Cost Segregation Audit

Save tens of thousands on by significantly reducing your taxable income. A cost segregation audit is a process of looking at where your construction costs are for a given project and then reclassifying them into their correct tax treatment. This means that any asset spent money on but doesn’t qualify for depreciation must be reclassified as personal property, which has an accelerated write-off under MACRS (Modified Accelerated Cost Recovery System).

Why use a Cost Segregation Audit?

A cost segregation audit can help you reduce your tax liability by reducing the amount of depreciation you would typically take. This is crucial to any business because it saves money upfront, which you can invest elsewhere with interest, and extends an asset’s life. Let’s say you depreciate a $100,000 piece of equipment over ten years. If you paid $50,000 in labor and $50,000 for materials, your depreciable cost is only 50% of the total project.

What kinds of benefits can a business see from a Cost Segregation Audit?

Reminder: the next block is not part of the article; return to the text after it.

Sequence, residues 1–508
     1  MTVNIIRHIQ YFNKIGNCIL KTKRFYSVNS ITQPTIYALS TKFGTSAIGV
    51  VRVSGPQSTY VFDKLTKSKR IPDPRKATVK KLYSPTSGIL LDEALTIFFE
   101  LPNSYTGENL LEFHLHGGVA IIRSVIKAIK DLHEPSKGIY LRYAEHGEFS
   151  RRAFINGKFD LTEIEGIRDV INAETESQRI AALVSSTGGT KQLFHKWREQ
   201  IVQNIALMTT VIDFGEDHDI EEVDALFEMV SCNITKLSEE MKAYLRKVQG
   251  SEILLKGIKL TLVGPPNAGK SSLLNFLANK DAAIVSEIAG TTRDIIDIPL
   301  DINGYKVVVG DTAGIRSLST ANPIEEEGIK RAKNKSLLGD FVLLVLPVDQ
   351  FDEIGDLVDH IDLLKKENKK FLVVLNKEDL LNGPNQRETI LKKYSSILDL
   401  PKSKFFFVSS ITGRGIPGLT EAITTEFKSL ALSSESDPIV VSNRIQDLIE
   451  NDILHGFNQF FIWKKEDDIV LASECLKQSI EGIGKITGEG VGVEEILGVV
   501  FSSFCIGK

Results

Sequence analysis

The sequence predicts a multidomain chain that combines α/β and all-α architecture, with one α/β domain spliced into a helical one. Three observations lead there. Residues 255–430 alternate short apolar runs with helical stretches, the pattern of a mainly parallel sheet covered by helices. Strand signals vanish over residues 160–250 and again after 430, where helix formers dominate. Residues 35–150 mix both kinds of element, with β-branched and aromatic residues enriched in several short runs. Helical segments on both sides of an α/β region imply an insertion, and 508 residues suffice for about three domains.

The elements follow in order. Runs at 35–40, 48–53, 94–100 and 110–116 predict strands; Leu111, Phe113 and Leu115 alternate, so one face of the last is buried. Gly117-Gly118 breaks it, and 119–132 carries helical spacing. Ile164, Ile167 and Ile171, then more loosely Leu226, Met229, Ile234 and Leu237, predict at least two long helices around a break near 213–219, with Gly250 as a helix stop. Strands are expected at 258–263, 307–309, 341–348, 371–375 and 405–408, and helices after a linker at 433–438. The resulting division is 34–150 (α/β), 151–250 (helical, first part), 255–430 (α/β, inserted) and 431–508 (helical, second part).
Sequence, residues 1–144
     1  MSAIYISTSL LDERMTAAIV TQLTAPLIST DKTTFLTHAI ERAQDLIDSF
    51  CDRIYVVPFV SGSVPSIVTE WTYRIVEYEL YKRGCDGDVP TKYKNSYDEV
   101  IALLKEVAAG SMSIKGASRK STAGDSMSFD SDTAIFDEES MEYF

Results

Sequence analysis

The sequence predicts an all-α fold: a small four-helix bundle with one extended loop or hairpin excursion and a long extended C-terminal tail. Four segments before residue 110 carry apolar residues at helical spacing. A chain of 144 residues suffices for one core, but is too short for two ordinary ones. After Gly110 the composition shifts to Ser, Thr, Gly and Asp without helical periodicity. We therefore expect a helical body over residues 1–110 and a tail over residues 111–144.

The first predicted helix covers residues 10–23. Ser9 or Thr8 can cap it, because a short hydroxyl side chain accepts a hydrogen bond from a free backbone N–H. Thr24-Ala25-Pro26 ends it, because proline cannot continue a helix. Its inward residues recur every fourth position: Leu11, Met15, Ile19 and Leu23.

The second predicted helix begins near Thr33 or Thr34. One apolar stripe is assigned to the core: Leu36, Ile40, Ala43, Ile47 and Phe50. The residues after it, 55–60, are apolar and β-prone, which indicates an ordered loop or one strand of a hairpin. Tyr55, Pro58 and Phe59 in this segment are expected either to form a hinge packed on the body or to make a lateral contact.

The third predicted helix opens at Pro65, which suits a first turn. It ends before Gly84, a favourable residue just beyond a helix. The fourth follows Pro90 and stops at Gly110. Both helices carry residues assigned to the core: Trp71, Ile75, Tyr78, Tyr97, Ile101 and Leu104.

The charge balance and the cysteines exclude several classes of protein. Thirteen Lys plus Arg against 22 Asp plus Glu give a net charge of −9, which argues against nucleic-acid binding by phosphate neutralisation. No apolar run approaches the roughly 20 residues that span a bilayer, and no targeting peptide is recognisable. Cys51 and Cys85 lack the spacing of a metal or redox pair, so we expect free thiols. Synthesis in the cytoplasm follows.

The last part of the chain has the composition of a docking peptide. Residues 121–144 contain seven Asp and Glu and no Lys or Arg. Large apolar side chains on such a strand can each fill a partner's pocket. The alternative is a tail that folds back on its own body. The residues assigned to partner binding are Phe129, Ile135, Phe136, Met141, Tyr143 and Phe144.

In many cases, a cost segregation study could also mean more after-tax cash flow simply by saving on taxes each month.

A business can expect to see significant benefits from a cost segregation audit, including:

  • Increased after-tax cash flow – A cost segregation study puts dollars in your pocket today that would generally go into Uncle Sam’s pocket. This means you have more money to invest and make even more money.

This also means that those assets pay for themselves faster. So, you can reinvest this money into your business and receive a return on investment (ROI) that would not be possible without the accelerated depreciation write-offs.